Backhouse & Tylor’s Early Church History to the Time of Constantine

Edward Backhouse [1808-1879] & Charles Tylor [1816-1902], Early Church History to the Death of Constantine, 3rd edn. Early Church History to the Death of Constantine was Edward Backhouse’s final work and was completed posthumously by Charles Tylor. Backhouse intended to write church history from the perspective of The Society of Friends (Quakers).

His desire, perhaps not fully allowed to himself, was to find out with what early early teachers stigmatised as heretics he himself could in any way sympathise; what protests against priestly assumptions and ritualistic corruptions had been made in the early ages of the Church.

Thomas Hodgkin [1831-1913], Biographical Preface, p.xiii.

Edward Backhouse [1808-1879] & Charles Tylor [1816-1902], Early Church History to the Death of Constantine, 3rd edn. London: Simpkin, Marshall, Hamilton, Kent & Co. Ltd., 1892. Hbk. pp.333. [Click to download the complete book in PDF]

The book contains a number of photographs and colour plates. This title is in the pubic domain.


Biographical Preface

Part I to A.D. 200

  1. Promulgation of the Gospel – The New Society- Picture of Heathenism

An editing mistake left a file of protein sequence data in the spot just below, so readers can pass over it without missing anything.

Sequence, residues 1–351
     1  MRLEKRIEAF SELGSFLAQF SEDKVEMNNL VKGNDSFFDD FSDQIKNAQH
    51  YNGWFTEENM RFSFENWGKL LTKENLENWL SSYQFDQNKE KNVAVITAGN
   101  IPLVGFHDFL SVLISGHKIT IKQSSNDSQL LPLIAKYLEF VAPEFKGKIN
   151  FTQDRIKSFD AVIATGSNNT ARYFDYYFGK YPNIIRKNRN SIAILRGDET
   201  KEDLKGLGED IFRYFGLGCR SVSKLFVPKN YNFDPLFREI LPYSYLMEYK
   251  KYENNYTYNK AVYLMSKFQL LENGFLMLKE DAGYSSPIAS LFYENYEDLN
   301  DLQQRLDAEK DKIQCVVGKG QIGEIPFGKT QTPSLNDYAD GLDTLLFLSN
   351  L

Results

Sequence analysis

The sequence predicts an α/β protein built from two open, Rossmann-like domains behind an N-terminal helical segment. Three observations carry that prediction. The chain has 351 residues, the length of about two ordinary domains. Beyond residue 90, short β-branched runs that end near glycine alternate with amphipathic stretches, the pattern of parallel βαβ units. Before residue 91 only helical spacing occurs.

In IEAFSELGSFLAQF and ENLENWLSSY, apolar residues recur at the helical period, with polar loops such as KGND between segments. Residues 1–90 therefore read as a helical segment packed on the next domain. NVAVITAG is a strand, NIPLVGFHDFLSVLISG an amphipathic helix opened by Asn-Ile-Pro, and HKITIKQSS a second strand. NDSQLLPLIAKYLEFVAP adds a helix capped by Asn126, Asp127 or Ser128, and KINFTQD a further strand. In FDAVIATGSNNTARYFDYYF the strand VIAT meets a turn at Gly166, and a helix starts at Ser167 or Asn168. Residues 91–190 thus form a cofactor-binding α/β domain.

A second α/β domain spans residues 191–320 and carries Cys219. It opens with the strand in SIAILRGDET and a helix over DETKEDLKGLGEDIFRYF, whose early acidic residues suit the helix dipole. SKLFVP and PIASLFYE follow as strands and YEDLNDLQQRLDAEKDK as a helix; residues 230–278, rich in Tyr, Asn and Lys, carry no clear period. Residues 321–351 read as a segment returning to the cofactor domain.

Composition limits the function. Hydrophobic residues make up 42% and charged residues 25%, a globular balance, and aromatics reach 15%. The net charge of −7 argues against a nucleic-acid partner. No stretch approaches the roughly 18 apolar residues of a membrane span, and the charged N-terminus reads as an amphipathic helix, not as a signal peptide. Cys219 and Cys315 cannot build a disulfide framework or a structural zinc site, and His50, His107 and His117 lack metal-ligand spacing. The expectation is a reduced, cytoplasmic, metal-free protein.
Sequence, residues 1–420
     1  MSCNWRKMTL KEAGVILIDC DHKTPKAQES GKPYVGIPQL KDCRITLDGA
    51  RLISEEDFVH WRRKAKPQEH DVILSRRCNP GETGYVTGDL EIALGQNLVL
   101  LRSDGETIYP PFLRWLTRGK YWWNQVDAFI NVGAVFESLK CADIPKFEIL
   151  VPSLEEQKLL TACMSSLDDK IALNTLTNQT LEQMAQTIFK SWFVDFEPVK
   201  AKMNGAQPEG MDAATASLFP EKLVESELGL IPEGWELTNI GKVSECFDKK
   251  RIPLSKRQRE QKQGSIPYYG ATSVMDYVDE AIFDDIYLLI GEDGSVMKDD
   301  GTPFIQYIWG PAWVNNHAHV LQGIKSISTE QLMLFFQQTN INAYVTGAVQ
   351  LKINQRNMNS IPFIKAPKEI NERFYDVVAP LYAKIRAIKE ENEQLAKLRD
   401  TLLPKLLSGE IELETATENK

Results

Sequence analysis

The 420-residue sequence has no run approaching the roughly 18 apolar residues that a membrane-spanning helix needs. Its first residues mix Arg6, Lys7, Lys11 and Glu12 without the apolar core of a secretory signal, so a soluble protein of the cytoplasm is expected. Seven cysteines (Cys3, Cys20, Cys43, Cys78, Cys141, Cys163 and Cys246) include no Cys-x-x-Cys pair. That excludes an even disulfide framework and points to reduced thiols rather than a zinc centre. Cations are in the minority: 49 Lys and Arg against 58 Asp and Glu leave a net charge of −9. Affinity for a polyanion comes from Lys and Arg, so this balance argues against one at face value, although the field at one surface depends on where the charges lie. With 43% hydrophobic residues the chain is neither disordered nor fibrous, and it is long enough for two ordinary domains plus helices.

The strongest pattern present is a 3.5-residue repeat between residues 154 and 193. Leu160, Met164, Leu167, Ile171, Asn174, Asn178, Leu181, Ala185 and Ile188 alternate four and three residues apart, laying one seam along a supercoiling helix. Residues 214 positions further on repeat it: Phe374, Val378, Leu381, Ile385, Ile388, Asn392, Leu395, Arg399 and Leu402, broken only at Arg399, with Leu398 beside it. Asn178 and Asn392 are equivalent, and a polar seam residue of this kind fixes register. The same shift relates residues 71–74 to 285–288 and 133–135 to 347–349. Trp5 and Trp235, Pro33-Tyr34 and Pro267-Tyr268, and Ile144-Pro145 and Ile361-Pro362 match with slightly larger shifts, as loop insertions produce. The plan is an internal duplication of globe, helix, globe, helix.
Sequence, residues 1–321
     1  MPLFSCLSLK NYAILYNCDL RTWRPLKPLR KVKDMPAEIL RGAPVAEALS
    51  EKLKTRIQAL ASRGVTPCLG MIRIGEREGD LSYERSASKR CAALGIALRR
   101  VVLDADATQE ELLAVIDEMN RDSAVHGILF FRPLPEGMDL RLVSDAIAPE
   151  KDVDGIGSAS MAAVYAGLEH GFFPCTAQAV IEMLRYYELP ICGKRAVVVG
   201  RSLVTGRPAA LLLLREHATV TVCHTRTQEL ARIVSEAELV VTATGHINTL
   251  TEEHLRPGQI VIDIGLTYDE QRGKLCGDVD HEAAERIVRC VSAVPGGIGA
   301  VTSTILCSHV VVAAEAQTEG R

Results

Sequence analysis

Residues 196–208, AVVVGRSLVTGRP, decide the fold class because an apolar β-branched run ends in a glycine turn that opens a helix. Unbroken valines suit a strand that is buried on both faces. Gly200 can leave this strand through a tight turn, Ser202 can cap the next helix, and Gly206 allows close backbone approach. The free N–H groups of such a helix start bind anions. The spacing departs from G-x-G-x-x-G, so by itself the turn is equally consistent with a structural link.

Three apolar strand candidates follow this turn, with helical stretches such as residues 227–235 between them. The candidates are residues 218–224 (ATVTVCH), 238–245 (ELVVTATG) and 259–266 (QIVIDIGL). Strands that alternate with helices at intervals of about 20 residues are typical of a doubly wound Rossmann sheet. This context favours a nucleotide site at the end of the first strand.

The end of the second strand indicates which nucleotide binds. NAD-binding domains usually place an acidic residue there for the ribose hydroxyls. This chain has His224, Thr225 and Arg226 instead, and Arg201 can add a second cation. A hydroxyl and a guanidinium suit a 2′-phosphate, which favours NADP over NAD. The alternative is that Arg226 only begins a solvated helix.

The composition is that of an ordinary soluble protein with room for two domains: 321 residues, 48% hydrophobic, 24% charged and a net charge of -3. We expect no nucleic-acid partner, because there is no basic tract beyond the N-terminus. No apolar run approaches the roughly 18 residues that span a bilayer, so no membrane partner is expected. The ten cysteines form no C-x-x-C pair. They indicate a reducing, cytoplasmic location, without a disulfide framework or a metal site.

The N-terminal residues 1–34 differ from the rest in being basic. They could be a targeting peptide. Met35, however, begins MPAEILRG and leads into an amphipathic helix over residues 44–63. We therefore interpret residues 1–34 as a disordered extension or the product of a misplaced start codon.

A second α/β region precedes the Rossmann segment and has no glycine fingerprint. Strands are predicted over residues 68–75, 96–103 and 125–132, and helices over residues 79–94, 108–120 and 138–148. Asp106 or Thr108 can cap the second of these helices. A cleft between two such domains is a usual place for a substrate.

2. Nero’s Persecution – Destruction of Jerusalem – Jewish-Christian Church
  3. Domitian and Nerva – The Apostle John – Epistle of Clement of Rome and Letter to Diognetus
  4. Trajan and Pliny – martyrdom of Ignatius – His Epistles
  5. Hadrian – Insurrection of the Jews – Marcus Aurelius – Perseuction and Calumnies
  6. Justin Martyr
  7. The Octavius of Miniucius Felix – Martyrdom of Polycarp
  8. Martyrs of Lyons and Vienne
  9. Ireneus – Gnosticism – The Montanists – Attitude of the Church Towards Dissenters
  10. Worship in the Early Church – The Agape of Lord’s Supper
  11. Baptism – Infant Baptism
  12. Prayer – Almsgiving – Miraculous and Spiritual Gifts – Superstitious Practices
  13. Government of the Church – Maintenance of Ministers – Clergy and Laity – Church Action and Discipline – Places of Worship
  14. Holy Days and Festivals – Marriage – Asceticism – Burial
  15. The Catacombs
  16. Spread of the Gospel – Life ofth Early Christians, its Lights and Shadows
  17. Pagan Animosity and Christian Loyalty – The Philosophers assail the Church